Mixolydian ♭6

The fifth mode of the Melodic Minor Scale is called the Mixolydian b6. It is exactly what it says on the tin, A Mixolydian mode with the 6th degree lowered one semitone. Why? Well, I'm not sure when you'd use this one, I must find out if any of my friends have ever used it in 'real life', I don't like the sound of it over dominant chords, the 5 and #5 (same as b6) just don't get along most times and it just sounds sour to me.

The scale formula for the Mixolydian b6 is below, it describes the interval distances between each note of the scale. Note the 4 Tones in a row that help give this scale it's unique quality.

 

T

 

T

 

S

 

T

 

S

 

T

 

T

 

1

 

2

 

3

 

4

 

5

 

6

 

7

 

8


T = Tone [whole step] • S = Semitone [half step]

Comparison With Major Scale

Scales are always compared to the Major Scale to find the intervals used.

 

I

II

III

IV

V

VI

VII

I

C Major Scale

C

D

E

F

G

A

B

C

C Lydian Dominant

C

D

E

F

G

Ab

Bb

C

Equation

1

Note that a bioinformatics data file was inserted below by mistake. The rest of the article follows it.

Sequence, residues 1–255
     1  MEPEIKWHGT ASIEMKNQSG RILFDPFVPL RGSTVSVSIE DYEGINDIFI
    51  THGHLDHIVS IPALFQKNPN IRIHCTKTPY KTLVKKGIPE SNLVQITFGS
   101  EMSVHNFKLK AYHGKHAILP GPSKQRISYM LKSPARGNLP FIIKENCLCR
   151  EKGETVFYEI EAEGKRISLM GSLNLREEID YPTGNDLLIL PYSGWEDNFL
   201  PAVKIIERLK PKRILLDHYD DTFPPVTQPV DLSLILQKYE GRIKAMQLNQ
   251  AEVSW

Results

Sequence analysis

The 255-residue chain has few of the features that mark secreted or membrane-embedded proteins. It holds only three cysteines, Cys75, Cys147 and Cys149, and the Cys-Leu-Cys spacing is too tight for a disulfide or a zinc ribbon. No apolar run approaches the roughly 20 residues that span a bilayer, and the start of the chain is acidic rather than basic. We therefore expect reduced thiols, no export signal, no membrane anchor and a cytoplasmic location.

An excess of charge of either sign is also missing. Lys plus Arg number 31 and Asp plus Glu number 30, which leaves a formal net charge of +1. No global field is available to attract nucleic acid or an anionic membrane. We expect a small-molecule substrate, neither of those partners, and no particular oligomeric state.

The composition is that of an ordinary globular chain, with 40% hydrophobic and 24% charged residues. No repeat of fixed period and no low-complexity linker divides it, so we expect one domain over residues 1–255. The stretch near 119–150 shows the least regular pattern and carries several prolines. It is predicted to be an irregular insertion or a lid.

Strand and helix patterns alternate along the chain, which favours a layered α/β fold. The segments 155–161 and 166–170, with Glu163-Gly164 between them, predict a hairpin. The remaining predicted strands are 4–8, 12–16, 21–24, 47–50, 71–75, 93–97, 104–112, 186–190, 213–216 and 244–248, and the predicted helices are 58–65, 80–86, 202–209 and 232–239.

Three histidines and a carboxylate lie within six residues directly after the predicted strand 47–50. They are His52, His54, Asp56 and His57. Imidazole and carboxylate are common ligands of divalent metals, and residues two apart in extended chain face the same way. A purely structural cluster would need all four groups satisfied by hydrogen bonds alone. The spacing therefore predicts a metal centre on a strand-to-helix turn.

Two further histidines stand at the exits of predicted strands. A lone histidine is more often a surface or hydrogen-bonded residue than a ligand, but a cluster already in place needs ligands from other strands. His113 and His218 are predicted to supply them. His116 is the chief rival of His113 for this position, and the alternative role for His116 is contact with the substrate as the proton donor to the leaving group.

2

3

4

5

b6

b7

1

As the name suggests it's easiest to think of this as a Mixolydian Mode with a flat 6 (b6).

Chords And Extensions

Because we're thinking modally here we're looking at the individual chords you might use this scale over not the Chords In The Key of the Melodic Minor Scale.

This scale is played over something I guess... one would assume Dominant chords with a flat 13 (b13) but that's usually functioning as an 'alteration' which would make it a #5 (same note as a b6) and you'd use a different scale there.

The obvious answer would be some kind of pedal where you have the Modal root as a pedal note in the bass and you explore chords (and solos) over it using notes from the parent Melodic Minor scale - the kind of thing serious modern jazz fusion cats might get off on but beyond my interest in that kind of thing!

Melodic Minor Scale Modes

- LESSON STEPS -